Full text of the speech delivered by Dr. Kanaganayagam Kanag-Isvaran:
“Mr. Jagath Perera, President of The Institute of Chartered Accountants of Sri Lanka, Ms Shamila Jayasekara, Chairperson of the Faculty of Taxation, Honourable Council Members of the Institute, Distinguished Invitees, Ladies and Gentlemen.
I am greatly honoured to have been invited to address this august assembly of the members of the accountancy profession. I thank you for it. I was at first a little hesitant because I could not fathom what the Faculty of Taxation would require of me as to the content of the presentation. That hesitancy was soon dispelled when I was given a list of topics to speak on. I have endeavored to stick to it.
I must congratulate you on your choice of a Lawyer not only because Lawyers and Chartered Accountants are looked upon as allies as we occasion much annoyance and grief to the tax collector but also because we have a complimentary, albeit a little different, perception and approach when we set out to do what we do best in protecting those under our care from the clutches of the tax collector.
I would like to illustrate this with a folk story from a village in Ottoman Turkey
One day, the tax collector of Akşehir and surrounding towns fell into the river. Since he didn’t know how to swim, he was about to drown. The villagers gathered by the river bank to save him.
“Give me your hand, give me your hand,” they were all shouting. But the man was not extending his hand.
At that time Nasreddin Hodja happened to be passing by. He was a learned man, of high social standing. He was lawyer.
“Hodja Efendi,” said the good samaritans, “the tax collector fell into the water. He is going to drown. He is not giving his hand.”
“Let me try,” said Hodja.
“Efendi, efendi,” he yelled to the man bobbing in the water, “take my hand!”
To this, the tax collector immediately extended his hand and grabbed Hodja’s arm. The Hodja and the people around were now able to pull him off the water.
The good Samaritans were amazed! And looked at him inquiringly.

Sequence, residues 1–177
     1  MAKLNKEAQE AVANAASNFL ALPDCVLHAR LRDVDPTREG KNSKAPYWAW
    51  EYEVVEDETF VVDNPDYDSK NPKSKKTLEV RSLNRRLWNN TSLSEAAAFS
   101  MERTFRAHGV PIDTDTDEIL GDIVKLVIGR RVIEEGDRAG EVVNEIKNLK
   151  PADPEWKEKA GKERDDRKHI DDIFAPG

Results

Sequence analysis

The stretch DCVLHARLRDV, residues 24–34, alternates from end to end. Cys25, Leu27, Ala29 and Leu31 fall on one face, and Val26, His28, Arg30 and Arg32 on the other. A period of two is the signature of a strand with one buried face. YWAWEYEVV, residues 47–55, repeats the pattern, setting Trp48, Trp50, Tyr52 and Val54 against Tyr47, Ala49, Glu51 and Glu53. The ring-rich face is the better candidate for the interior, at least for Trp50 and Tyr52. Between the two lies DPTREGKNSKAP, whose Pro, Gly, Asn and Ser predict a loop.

“You see,” Nasreddin Hodja clarified, “he is a tax collector, he is more practiced in taking than giving.”
We Lawyers understand this reality.
The tension between the tax collector and the taxed is as old as time in terms of recorded history. In every culture, in every part of history, from the tax collectors of ancient Israel to the Inland Revenue Agents of today the tax man has received
more than his share of contumely. That is why even the Bible speaks so negatively of the tax collector.
No one likes to pay money to the Government, especially when the Government is perceived to be oppressive. But they do nevertheless end up paying.
As the American Humorist Evan Esar would say,
“Some taxpayers close their eyes, some stop their ears, some shut their mouths, but all pay through the nose”.
But not without resistance. It is out of such a resistance that the Magna Carta, the Great Charter, was born.
You might re-call that the event took place nearly eight centuries ago, in 1215, on Mount Runnemede in England. Rebel nobles, the Barons in England, drafted the Magna Carta to curtail the power of their own tyrannical monarch–King John who taxed heavily his nobles to pay for his military defeats. King John affixed his seal on the document at Runnymede on June 15, 1215, making it Europe’s first written constitution. The Magna Carta is considered one of the first steps taken in England towards establishing parliamentary democracy.